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Bone drugs may cause fractures, FDA warns

Federal health officials are warning that patients taking drugs designed to prevent broken bones may, paradoxically, be at increased risk for certain unusual fractures of the thigh bone.

The Food and Drug Administration issued the warning Wednesday to patients taking drugs known as biophosphonates, which are widely used to treat the bone-thinning disease osteoporosis.

The FDA is requiring that durg companies add a warning to the labels of Fosamax, Fosamax Plus D, Actonel, Actonel with Calcium, Boniva, Atelvia, Reclast and Boniva.


Sally Field in a 2009 ad for Boniva. (Youtube)

"While it is not clear whether bisphosphonates are the cause, atypical femur fractures, a rare but serious type of thigh bone fracture, have been predominantly reported in patients taking bisphosphonates," particularly those taking the drugs for more than five years, the FDA said in a statement.

The agency is evaluating the safety and effectiveness of bisphosphonates for long-term osteoporosis treatment, said Sandra Kweder, deputy director FDA's office of new drugs in the center for drug evaluation and research. "In the interim, it's important for patients and health-care professionals to have all the safety information available when determining the best course of treatment for osteoporosis."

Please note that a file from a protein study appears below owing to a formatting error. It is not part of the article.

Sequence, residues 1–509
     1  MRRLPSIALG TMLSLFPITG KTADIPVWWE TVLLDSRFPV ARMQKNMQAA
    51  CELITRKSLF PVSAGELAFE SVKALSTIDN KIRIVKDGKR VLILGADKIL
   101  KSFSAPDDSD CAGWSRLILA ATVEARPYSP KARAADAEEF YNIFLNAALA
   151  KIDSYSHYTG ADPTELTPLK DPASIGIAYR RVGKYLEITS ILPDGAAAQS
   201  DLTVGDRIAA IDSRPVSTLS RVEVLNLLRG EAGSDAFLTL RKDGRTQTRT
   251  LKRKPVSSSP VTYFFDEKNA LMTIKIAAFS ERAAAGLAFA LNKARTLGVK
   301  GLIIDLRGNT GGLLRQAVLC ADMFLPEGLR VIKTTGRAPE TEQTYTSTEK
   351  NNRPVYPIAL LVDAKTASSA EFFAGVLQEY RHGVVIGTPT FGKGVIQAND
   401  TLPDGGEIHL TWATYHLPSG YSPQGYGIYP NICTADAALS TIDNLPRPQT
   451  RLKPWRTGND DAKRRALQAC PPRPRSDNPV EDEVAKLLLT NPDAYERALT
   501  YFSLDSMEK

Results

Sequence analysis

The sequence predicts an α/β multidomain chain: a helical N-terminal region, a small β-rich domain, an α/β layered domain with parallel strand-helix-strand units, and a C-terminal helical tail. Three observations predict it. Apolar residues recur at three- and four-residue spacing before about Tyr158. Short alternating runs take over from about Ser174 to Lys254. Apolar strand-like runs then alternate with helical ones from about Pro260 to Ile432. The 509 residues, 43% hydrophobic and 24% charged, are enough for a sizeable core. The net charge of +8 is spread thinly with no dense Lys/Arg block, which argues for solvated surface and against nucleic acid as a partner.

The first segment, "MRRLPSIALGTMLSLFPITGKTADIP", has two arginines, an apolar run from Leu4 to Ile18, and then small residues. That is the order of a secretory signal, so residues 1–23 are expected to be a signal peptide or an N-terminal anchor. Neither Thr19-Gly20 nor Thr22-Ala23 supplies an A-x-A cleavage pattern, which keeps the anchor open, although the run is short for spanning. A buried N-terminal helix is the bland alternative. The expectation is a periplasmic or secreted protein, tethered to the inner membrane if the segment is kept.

The FDA stressed that patients taking bisphosphonates for osteoporosis should not stop using their medication unless their doctor tells them to. But they should report any new thigh or groin pain to their doctor so they can be evaluated for a possible thigh fracture, the agency said.

By Rob Stein  | October 13, 2010; 1:30 PM ET
Categories:  Aging, FDA, Women's Health, drug safety  
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Comments

That is irony, not paradox.

Posted by: hesaid | October 13, 2010 1:37 PM | Report abuse

Merck is actually in the right here. Rheumatologists are well aware of these atypical fractures, but you won't find any rheumatologist who believes the risks of bisphosphonates outweigh the benefits.

These fractures are extremely rare. The kind of fractures that bisphosphonates prevent are all too common.

Posted by: JenDray | October 13, 2010 2:29 PM | Report abuse

As many seniors suffer from osteoporosis, arthritis, and other bone diseases, I think it is wise to educate the senior population on the effects of these bone drugs and their effects.

Posted by: GeriCareFinder | October 13, 2010 10:42 PM | Report abuse

Be sure to get a second opinion if you're diagnosed with osteoporosis. Have an endocrinologist verify the findings. My wifes radiologist diagnosed osteoporosis; when her endocrinologist looked at the scan he saw no evidence of it. You don't want to take these drugs if you don't have to. For more discussion on health issues, go to takingcontrolofyourhealthcare.com.

Posted by: Jeff37 | October 15, 2010 8:22 AM | Report abuse

My aunt who is 60 and is in good health has been taking this drug for several years. Within the last 2 years, she has fallen and each time broke her femur, a different leg each time.

Posted by: cmv1 | October 18, 2010 9:42 AM | Report abuse

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